Marianne Hem Eriksen is Associate Professor at the University of Oslo. My current research project, Archaeology of Dwelling, is funded through the Research Council of Norway/Marie Curie, and is co-hosted by the Universities of Cambridge and Oslo. The project springs from an apparent paradox: How and why could a specific form of dwelling – the three-aisled longhouse – survive in Scandinavia for almost three thousand years, from the early Bronze Age (1800-500 BCE) throughout the Iron Age (IA, 500BCE-1050 CE); simultaneously as Scandinavian societies underwent ground-breaking social, ideological, and political changes? The primary research aim of the project is to use the three-aisled longhouse of prehistoric Scandinavia, with a principal focus on Norway, as a prism to investigate the dynamics and tensions between, on one hand, societies undergoing significant, macro-scale alterations, and on the other, the apparent conservatism and resilience of the built environment through deep time.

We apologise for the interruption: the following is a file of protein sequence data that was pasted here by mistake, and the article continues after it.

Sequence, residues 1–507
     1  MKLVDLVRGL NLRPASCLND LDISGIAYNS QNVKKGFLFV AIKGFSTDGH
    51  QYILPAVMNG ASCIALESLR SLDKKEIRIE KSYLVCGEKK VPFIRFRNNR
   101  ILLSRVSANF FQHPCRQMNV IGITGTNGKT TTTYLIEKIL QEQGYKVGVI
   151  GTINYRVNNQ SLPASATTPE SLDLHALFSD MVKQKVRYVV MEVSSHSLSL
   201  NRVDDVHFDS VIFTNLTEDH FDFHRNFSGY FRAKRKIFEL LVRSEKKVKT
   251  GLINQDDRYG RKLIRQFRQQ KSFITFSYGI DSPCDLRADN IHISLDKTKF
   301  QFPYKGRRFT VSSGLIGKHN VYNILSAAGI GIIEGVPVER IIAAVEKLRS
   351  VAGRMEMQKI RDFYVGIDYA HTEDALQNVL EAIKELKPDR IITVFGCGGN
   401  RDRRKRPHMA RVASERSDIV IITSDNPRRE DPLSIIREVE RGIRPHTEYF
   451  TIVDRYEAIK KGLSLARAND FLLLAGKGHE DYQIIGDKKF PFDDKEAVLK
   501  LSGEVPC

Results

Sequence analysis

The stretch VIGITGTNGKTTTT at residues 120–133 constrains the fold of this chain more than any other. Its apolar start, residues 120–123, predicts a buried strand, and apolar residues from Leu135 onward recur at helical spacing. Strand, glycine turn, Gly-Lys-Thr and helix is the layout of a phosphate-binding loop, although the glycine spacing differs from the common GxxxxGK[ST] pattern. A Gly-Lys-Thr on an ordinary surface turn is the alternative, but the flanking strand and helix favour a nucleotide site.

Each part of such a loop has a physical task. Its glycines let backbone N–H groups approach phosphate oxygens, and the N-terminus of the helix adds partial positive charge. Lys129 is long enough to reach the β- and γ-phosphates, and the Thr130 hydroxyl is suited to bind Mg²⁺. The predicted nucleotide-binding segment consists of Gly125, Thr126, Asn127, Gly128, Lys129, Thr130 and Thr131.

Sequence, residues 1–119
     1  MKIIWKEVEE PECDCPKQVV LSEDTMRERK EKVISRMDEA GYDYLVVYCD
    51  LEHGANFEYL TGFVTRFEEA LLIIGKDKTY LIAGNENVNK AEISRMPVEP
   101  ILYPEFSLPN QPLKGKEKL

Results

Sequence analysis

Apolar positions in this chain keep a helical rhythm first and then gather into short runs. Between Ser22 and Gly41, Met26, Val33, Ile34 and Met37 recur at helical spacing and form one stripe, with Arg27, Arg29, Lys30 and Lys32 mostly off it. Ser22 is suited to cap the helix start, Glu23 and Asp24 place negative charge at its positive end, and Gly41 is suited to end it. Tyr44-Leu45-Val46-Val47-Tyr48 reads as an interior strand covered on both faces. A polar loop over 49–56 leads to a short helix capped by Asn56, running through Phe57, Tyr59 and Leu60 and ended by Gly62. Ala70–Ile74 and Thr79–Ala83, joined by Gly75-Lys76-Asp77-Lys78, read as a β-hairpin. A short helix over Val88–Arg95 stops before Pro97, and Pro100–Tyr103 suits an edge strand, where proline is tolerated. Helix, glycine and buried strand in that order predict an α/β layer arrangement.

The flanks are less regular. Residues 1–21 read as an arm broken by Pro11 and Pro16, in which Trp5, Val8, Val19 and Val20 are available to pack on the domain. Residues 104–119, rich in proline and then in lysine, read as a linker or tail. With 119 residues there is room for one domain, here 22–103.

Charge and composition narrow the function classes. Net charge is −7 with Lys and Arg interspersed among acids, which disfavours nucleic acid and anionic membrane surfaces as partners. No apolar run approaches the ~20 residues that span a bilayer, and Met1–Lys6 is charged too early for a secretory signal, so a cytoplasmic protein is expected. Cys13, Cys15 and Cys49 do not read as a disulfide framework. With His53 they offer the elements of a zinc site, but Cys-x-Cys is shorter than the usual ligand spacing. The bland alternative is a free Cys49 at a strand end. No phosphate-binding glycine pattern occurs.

I am also currently researching the deposition of infants and children in wetlands and settlement contexts on the North-Atlantic fringe in the 1st millennium CE.
My PhD investigated a specific, and highly charged, architectural element – the doorway – of domestic architecture of the Late Iron Age Scandinavia (550-1050 CE). The work presented a new, synthesised compilation of houses from Late Iron Age Norway. Through social approaches to the buildings, the composition of the household and its connection with domestic space was deliberated, through access analyses, movement analyses, etc. I found that Late Iron Age Scandinavians used domestic doors and especially built door-structures to connect with the mortuary realm (published in Archaeological Dialogues). I also explored how architecture creates embodied cues for socially acceptable behaviour (forthcoming as a chapter with Berghahn) and the door as a judicial boundary (published in Viking Worlds, Oxbow, 2015).